The first time we see Peggy she is calling new recruits to attention and punching one who wouldn’t accept her superiority. Strong enough entrance? Pretty sure she wins there. Throughout the film she takes a hands-on approach to training the new recruits and fighting battles. She even goes against Colonel Phillips’ orders by taking Rogers, with Howard Stark’s help, to enemy territory. Breaking rules may not seem like that big a deal but in the army it can be career ending. That’s bravery and then some. That decision also helped Rogers to believe in himself in the way that Erskine believed in him. She helped Rogers to fully become Captain America.
Private Lorraine has a horrible role to play – to separate Rogers and Peggy. Why? So that they’re not a couple when Rogers goes off to attack Hydra’s base and he can “earn” her respect back before their one and only kiss. She has clearly worked hard to get to her position in the army but all we get her used for is the mildest attempt at a love triangle; following the failed attempt at a Stark love triangle.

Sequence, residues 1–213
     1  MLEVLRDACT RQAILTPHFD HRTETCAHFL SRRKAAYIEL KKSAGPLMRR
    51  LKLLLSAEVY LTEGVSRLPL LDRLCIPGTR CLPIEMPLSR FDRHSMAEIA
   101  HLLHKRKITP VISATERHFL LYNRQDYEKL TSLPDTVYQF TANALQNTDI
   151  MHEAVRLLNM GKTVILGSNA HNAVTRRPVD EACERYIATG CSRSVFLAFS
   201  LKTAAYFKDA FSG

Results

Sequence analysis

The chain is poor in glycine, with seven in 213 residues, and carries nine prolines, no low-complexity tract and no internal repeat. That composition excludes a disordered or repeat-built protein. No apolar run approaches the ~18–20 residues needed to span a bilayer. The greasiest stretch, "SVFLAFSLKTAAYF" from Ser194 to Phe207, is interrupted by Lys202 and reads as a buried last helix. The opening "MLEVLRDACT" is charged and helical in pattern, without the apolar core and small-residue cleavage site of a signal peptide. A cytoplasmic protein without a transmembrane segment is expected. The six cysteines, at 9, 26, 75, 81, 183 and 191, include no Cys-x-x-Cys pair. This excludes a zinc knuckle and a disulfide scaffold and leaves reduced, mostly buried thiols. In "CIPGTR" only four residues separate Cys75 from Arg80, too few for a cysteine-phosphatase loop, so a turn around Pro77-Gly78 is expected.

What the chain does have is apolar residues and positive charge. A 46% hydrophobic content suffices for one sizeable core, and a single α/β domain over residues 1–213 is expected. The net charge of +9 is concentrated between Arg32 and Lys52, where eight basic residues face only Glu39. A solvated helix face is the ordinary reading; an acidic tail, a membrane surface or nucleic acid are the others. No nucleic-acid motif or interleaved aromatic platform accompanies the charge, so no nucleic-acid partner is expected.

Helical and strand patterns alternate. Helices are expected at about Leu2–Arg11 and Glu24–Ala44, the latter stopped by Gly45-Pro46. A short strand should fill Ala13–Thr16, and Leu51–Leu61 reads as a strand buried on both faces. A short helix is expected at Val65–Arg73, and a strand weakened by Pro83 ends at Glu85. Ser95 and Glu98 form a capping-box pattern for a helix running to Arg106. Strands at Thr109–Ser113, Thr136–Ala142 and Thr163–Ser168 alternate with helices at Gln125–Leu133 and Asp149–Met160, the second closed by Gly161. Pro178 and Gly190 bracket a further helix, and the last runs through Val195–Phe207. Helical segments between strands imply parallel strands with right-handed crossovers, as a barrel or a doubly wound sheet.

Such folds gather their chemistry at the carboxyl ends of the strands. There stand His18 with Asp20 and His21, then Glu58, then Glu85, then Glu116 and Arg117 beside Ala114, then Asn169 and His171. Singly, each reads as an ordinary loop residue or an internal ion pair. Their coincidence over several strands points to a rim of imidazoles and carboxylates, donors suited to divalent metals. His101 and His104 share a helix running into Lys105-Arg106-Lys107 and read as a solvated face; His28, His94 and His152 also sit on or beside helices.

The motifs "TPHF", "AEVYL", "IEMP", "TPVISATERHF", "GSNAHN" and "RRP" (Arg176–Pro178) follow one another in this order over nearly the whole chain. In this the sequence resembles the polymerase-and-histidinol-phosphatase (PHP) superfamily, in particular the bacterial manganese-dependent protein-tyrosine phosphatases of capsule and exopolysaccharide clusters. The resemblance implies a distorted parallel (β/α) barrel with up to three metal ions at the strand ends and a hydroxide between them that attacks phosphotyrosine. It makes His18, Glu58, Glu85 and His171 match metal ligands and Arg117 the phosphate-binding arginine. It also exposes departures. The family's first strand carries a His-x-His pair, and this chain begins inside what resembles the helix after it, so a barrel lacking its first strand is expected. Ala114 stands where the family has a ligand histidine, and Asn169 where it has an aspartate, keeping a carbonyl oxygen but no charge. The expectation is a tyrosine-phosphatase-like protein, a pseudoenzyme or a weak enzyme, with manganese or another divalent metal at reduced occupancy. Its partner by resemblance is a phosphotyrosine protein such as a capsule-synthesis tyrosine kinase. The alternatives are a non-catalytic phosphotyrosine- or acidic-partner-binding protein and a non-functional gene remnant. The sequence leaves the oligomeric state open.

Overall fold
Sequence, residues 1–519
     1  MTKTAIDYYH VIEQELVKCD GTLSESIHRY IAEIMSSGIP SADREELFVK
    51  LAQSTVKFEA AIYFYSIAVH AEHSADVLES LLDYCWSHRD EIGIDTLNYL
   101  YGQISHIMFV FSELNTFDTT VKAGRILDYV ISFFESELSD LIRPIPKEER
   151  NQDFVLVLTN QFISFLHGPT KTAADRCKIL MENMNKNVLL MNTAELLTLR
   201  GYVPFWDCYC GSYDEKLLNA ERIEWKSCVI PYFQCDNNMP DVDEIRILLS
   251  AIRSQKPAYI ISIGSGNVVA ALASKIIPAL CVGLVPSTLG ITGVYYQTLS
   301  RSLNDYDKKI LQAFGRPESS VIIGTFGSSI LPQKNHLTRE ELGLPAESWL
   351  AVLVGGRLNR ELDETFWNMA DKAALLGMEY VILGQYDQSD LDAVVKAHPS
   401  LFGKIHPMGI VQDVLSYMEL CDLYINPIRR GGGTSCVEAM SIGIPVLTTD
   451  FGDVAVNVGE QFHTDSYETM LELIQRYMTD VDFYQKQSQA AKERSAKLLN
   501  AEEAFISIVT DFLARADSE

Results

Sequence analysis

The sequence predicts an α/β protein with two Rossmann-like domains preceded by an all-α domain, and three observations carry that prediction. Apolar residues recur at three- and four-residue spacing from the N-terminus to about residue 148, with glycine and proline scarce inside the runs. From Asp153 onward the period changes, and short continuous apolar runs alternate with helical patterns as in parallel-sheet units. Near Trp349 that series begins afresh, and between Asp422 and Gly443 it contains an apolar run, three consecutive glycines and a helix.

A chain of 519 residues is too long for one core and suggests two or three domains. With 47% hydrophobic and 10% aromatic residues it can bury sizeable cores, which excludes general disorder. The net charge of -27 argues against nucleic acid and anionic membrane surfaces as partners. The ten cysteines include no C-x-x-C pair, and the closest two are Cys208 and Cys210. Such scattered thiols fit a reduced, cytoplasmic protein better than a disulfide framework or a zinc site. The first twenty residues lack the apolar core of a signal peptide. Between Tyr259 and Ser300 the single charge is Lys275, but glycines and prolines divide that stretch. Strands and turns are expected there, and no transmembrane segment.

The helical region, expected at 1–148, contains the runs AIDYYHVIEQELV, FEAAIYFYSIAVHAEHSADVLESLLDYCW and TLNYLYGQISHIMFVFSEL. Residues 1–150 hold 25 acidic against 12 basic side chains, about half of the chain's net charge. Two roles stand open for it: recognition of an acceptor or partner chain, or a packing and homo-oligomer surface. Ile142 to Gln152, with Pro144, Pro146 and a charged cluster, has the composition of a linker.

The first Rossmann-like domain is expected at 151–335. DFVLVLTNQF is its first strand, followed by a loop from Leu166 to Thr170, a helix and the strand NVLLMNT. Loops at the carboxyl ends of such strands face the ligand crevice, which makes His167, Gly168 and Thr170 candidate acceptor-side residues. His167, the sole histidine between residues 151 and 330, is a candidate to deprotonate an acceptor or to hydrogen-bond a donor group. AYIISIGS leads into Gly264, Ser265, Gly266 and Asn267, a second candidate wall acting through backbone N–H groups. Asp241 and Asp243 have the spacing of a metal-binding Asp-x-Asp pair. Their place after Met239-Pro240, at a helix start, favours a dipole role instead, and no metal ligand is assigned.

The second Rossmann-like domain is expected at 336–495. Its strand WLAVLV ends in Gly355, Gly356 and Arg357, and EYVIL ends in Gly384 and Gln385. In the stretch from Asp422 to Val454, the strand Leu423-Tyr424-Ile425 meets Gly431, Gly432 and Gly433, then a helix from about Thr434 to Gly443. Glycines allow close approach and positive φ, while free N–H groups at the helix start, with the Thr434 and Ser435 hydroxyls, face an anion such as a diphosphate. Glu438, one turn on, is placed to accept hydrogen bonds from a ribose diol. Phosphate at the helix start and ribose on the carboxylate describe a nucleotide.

Avengers Assemble (2012)
We have the return of Natasha, now splitting more fully into her Black Widow persona, a brief return of Pepper and the introduction of Agent Maria Hill (Cobie Smulders).
We meet Natasha apparently held hostage by Russian terrorists. But then we see that she’s playing stupid to allow their pride to take over with revealing answers. And that she beats them all despite being tied to a chair. Her first responsibility is to recruit Bruce Banner. This is not an easy task and shows how much faith and trust SHIELD have in this spy. Throughout the film we see her taking on tough odds whether they be the cause, to rub out the red in her ledger or to help her friend (Hawkeye). We also see aspects of her spying in her using the expected female vulnerability against people. Is this playing to female stereotype or playing to male weakness? The assumption that women are weak and emotional… There is one key scene where it’s spelled out to the audience that she’s a spy and not a soldier and yet here she is willingly going to war. She has made bad choices in her life but is now trying to make amends.
Pepper’s appearance is very brief. We see her convince Stark to follow his heart in helping Coulson, we see her fear at the news footage of the battle in New York and then helping Stark redesign their damaged home. What can we learn from her here? Both times we see her she is concerned about Stark but she is also busy working as the CEO and furthering their clean energy projects. A confident and happy career woman with a seemingly healthy home life.